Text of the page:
(Bloomberg View) -- One unusual development is how many new “coins” -- sometimes called alt coins or cryptocurrencies -- have been created lately. Bitcoin is well-known, but now there’s Ethereum, Ripple, Zcash, Byteball, Augur and many others. By one estimate, there are more than 900 such assets on the market. These are not physical coins, of course, but rather entries in ledger systems based on new information technologies, sometimes called a “blockchain.”
In the long run, how many of these assets can survive? After all, we are used to nations having one dominant currency, or investors holding assets in a relatively small number of currencies, such as dollars, euros and yen.
A common view is that we are due for a “coin consolidation,” in which hundreds of assets will be whittled down to two or three dominant brands. To be sure, it seems likely that many of the coins trading right now are ill-conceived startups or maybe even fraudulent, and their values will fall to zero. That said, the marketplace can probably sustain a large number of alt coins, and I expect we will continue to live in a kind of coin menagerie.
Consider how people might use these coins. After the current speculative fervor fades, an individual might hold an alt coin for risk diversification. Just as the wealthy may put a certain percentage of their portfolios into gold, they are starting to do the same with these new coins. They don’t necessarily expect superior returns; rather the coins may be a hedge, as there are not enough high-quality government securities to go around.
Alt coins may be effective hedges for at least two reasons. First, the value of the coin may depend on how well the original rules for the coin were written, or how well it is governed in the case of managed coins like Ethereum or Ripple. Those factors may be fairly independent of what’s driving returns in traditional stocks and bonds, which in turn creates an opportunity for diversification.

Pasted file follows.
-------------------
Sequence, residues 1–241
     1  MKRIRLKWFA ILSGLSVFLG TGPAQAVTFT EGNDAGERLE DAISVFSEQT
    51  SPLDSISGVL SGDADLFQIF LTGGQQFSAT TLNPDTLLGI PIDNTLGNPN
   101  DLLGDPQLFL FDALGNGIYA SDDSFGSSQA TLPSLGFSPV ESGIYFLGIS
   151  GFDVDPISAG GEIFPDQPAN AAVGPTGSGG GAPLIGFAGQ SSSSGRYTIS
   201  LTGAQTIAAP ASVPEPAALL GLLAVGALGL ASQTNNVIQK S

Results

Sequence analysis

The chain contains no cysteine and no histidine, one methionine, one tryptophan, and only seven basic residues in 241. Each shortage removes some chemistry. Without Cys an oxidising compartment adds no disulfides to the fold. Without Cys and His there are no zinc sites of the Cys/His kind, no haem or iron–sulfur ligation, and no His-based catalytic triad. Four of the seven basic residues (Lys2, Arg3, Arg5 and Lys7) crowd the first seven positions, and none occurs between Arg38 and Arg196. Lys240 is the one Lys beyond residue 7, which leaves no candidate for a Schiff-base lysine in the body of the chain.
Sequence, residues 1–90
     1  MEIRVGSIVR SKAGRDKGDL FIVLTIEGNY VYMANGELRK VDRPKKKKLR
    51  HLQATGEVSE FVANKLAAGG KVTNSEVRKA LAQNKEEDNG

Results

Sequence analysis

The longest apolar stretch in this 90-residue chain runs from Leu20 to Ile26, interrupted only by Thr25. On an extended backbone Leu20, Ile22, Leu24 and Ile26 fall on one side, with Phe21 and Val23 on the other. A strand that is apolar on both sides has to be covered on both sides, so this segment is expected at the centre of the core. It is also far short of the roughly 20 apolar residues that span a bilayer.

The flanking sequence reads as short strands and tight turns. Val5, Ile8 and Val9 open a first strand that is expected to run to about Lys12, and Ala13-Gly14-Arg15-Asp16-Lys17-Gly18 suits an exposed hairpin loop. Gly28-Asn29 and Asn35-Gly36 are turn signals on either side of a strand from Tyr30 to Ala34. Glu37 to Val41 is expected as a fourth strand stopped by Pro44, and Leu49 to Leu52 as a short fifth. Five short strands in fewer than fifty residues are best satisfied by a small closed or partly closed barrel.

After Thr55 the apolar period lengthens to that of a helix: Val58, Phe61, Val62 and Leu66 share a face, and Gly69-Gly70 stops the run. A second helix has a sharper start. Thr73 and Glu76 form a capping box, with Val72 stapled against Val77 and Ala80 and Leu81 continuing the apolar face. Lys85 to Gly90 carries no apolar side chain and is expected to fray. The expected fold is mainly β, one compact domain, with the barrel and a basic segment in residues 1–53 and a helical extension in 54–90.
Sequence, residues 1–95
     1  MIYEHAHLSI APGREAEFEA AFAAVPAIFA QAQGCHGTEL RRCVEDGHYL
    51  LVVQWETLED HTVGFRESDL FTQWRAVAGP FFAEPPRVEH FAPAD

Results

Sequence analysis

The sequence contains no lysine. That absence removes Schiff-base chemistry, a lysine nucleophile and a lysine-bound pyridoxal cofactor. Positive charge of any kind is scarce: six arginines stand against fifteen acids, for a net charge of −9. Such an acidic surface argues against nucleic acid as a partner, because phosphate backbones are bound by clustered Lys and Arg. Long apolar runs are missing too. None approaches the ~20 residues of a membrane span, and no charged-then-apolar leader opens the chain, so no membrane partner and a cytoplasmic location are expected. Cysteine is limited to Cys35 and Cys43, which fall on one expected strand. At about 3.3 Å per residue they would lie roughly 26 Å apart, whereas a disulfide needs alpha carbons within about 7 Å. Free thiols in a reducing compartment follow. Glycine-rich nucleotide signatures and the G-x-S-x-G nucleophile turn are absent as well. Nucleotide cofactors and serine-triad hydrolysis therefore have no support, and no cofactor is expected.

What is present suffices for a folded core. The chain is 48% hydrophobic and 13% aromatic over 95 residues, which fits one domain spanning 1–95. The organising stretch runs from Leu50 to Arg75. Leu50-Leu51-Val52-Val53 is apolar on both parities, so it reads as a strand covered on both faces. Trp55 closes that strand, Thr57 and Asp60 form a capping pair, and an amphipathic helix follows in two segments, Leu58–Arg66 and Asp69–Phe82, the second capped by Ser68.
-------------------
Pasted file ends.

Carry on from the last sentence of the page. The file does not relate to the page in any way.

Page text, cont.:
Under these scenarios, alt coins are primarily stores of value rather than media of exchange. There is a notable tendency for exchange media to consolidate into a dominant currency in a given geographic region. But the very large number of financial assets in the world shows that thousands of stores of value can coexist and compete without much consolidation.
Second, alt coins to some extent are used for money laundering. If you think the world might be moving toward greater authoritarianism, the demand for money laundering could go up, to evade capital controls or asset restrictions. The value of alt coins would rise in turn, and that means alt coins would provide partial insurance against this very possible but unpleasant future path.
Money laundering may have a pejorative connotation, but a lot of laundering protects wealth from political tyranny or unfair treatment. Regulators may not wish to eliminate money laundering entirely, even if they could.
That said, money laundering is often illegal and harmful. If you earned some money by smuggling drugs, you might use it to buy an alt coin on one of the less regulated international coin exchanges, and then sell back that coin for a major currency, converting your dirty money into clean. You might go further and call your initial coin purchase an “investment” in a coin-related company and (illegally) claim you suffered a loss of funds, thereby strengthening your tax position with a potential loss offset. These actions will help make liquid markets in the coins and give them a real financial value.
The authorities are likely to take steps to rein in such behavior, but it won’t be easy to force full financial disclosure from all the exchanges. Many of the newest coin products specialize in creating transactional anonymity, protected by encryption. As is so often the case, for better or worse, technology is outracing the regulators.
Furthermore, when money laundering is a motive, at least some people in the market won’t want to consolidate into the best-known and most heavily scrutinized coins. New and unusual coins will flourish and find their markets, even if there is a high degree of churn.
Not long ago, we thought we knew what money was, but now it’s becoming so strange and diverse that the actual practice of money is outracing anything found in economic theory or in the law.
This column does not necessarily reflect the opinion of the editorial board or Bloomberg LP and its owners.
Tyler Cowen is a Bloomberg View columnist. He is a professor of economics at George Mason University and writes for the blog Marginal Revolution. His books include “The Complacent Class: The Self-Defeating Quest for the American Dream.”
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